• Data transfer provisions: company data should be encrypted and password protected, and only transferred on company-mandated applications
  • Password provisions: password use is obviously non-negotiable in protecting sensitive information; two-factor authentication may also be required

Privacy provisions: how can companies balance data protection and employee privacy with BYOD?

BYOD security policy

How best to go about devising coherent and secure BYOD practices? Any policy drafting of this scale should involve both employees and stakeholders. Employee input can be obtained through a survey, a great basis for planning policy. Execs, HR, IT operations, finance and security should all be looped in and represented in a BYOD project management team. These departments have contributions to make.

Once a survey has been sent out and responses received, beneficial analyses to make include which data and apps are needed on employee devices. After introducing the completed policy, training is a vital stage of the process. Employees at all levels must be instructed on data handling protocol, device troubleshooting, the procedure for lost or stolen devices, which apps to use and anti-phishing measures, as well as broader instruction in vigilance against cyber threats.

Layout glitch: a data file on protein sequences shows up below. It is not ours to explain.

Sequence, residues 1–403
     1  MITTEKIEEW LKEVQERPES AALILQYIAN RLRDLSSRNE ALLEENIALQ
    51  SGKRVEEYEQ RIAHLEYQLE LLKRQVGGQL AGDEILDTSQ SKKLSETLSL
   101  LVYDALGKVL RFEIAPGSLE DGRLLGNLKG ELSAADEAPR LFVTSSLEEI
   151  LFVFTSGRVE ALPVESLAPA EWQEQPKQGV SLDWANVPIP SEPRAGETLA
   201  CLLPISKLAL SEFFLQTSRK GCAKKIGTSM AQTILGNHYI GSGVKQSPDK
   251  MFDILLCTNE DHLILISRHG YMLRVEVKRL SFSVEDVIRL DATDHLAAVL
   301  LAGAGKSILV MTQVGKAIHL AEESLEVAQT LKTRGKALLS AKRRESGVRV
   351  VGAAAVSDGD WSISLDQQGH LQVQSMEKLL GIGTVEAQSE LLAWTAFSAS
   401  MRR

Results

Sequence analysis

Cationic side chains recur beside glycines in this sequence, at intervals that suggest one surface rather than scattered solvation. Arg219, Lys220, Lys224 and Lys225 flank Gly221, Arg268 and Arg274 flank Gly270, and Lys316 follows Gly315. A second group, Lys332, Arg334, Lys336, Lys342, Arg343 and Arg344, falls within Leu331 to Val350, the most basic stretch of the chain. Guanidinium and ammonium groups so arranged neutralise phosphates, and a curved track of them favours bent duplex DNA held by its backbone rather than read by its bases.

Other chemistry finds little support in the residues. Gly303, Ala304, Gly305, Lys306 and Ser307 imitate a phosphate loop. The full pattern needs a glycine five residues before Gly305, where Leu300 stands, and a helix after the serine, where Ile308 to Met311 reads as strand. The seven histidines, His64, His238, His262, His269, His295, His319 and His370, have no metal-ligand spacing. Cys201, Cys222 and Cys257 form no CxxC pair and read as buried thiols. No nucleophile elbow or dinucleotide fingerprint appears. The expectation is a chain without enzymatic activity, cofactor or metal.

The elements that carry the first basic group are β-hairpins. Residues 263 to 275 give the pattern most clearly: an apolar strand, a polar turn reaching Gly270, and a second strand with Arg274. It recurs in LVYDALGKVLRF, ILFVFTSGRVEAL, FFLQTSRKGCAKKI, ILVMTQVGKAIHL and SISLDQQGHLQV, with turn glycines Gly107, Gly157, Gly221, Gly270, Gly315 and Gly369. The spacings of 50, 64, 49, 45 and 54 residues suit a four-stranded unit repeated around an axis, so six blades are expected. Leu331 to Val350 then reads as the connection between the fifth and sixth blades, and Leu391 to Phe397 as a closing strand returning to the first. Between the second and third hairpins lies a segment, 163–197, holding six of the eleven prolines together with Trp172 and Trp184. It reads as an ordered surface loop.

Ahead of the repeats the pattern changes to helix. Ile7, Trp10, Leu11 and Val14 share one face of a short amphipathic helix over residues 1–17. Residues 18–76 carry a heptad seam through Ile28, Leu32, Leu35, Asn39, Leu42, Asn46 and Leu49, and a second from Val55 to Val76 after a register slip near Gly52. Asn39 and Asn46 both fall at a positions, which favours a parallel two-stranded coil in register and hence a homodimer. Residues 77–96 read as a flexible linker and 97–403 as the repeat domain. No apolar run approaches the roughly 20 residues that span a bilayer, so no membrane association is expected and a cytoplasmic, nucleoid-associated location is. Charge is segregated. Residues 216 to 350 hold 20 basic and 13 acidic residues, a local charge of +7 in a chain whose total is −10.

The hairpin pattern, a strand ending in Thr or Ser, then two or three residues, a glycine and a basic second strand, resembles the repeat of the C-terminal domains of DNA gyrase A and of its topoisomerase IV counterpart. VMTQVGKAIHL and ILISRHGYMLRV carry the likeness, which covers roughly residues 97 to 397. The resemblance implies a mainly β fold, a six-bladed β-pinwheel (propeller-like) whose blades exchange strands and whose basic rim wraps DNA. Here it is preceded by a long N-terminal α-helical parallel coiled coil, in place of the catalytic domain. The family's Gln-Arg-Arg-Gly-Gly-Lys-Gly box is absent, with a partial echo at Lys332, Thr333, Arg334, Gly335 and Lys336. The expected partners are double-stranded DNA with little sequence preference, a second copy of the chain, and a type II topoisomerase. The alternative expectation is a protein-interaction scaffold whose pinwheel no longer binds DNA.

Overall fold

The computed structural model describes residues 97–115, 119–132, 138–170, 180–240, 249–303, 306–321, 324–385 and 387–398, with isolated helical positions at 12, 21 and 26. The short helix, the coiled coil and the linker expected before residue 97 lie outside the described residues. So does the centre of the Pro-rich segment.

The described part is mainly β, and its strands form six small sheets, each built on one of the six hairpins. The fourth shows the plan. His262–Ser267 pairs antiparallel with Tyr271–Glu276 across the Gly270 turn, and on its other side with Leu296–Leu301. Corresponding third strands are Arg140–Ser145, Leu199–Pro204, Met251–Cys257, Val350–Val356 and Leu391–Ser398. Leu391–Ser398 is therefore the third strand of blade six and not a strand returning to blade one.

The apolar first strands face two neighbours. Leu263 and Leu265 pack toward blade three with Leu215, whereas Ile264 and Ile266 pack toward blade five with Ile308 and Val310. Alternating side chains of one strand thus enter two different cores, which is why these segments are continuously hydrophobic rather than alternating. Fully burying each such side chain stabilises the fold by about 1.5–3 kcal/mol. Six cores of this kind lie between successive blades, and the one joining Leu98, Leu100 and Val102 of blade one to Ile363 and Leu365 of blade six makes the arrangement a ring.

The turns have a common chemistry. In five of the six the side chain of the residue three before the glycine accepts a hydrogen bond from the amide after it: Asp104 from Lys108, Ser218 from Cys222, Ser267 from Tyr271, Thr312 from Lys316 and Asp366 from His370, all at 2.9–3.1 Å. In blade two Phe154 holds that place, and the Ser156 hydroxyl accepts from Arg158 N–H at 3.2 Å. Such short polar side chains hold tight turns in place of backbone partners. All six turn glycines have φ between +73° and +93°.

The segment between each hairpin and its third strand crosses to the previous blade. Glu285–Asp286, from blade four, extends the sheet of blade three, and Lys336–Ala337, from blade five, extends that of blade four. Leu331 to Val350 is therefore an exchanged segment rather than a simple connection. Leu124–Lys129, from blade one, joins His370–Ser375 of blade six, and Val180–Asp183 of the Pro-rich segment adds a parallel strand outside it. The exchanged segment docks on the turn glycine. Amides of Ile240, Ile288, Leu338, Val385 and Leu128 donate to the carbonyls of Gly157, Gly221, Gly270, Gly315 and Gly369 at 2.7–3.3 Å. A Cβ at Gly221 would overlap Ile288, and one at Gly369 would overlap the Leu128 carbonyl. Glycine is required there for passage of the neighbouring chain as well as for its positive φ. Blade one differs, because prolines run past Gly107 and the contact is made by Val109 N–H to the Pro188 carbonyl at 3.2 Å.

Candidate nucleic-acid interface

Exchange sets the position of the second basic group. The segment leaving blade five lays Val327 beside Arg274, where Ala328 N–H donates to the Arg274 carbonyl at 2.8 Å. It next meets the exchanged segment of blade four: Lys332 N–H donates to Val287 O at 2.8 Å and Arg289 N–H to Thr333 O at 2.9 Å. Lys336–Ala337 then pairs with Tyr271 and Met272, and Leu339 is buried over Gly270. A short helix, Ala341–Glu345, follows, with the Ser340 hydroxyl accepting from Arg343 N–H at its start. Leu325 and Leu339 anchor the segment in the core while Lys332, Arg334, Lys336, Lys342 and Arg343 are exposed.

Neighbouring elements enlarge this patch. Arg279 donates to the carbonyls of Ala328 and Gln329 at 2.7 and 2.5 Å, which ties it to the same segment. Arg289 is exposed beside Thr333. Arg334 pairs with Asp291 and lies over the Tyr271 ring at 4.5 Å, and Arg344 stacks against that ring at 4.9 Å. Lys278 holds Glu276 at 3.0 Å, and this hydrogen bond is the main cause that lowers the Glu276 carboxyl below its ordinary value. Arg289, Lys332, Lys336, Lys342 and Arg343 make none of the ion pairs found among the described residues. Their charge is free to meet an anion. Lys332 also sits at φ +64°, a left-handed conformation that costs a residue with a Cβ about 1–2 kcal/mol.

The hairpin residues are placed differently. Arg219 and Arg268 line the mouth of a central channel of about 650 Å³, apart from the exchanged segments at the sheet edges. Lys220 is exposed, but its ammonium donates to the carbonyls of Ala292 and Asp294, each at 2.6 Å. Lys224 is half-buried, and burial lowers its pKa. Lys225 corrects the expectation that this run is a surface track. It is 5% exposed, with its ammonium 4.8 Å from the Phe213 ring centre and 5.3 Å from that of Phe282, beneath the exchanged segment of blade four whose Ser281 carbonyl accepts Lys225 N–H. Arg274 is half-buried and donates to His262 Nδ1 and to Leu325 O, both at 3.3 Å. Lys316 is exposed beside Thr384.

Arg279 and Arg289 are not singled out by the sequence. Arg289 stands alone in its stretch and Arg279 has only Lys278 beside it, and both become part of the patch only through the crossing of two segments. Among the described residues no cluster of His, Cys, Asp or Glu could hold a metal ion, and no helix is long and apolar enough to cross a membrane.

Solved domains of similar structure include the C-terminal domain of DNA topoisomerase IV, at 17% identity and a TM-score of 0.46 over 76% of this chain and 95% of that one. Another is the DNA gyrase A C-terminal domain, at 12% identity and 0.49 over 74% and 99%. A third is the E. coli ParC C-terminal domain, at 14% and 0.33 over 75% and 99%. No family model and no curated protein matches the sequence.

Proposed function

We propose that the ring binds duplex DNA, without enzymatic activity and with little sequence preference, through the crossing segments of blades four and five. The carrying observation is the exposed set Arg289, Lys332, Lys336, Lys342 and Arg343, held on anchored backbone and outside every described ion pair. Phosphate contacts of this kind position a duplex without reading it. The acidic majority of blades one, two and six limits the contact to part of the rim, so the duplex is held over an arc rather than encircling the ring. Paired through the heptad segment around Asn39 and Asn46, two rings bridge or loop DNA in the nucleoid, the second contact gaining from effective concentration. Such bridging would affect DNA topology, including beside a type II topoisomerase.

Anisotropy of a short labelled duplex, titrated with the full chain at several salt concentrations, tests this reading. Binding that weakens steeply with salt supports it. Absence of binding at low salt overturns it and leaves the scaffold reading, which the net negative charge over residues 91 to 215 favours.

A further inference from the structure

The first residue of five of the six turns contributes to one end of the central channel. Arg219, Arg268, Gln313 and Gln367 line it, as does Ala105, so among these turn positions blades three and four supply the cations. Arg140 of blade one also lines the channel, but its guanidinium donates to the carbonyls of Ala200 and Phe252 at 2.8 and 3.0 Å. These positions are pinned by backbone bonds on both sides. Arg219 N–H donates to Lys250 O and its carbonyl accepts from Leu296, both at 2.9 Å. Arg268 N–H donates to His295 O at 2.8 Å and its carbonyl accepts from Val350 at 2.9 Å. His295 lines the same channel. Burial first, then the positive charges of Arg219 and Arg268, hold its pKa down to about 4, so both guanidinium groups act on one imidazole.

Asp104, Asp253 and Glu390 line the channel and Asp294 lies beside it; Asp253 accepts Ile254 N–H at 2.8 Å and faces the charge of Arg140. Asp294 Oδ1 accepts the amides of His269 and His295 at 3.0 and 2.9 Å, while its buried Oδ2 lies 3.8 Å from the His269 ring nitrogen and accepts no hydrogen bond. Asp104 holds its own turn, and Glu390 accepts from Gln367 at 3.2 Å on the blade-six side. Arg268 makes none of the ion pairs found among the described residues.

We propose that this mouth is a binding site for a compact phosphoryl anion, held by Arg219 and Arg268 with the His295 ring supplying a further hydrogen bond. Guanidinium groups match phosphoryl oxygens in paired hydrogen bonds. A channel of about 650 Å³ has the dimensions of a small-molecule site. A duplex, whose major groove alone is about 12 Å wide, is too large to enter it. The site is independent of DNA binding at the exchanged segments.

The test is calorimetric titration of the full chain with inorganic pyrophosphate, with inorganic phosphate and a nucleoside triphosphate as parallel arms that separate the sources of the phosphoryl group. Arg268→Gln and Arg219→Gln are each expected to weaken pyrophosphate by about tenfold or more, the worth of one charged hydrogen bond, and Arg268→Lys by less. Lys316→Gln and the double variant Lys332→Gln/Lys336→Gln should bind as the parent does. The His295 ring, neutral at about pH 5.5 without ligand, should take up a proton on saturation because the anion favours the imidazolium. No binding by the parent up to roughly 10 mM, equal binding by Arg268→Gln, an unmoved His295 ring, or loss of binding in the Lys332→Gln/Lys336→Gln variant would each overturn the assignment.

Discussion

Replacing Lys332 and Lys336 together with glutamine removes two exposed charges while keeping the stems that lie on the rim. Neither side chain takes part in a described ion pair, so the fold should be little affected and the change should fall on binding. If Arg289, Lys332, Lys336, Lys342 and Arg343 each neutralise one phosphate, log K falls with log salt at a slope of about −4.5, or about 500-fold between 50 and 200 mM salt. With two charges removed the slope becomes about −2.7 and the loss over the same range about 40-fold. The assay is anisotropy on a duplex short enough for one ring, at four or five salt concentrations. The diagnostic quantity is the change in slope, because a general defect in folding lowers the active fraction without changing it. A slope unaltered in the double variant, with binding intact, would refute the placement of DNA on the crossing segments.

It is widely believed that employees untrained in cybersecurity are the greatest hazard to organisational data integrity. In 2014, 87% of IT managers believed that the biggest threat to organisations were mobile devices used by careless employees. In 2020, a startling 96% of attacks on mobile devices used apps as a vector. This is because a supermajority of apps, nearly 4 in 5, embed third-party libraries that can create vulnerabilities.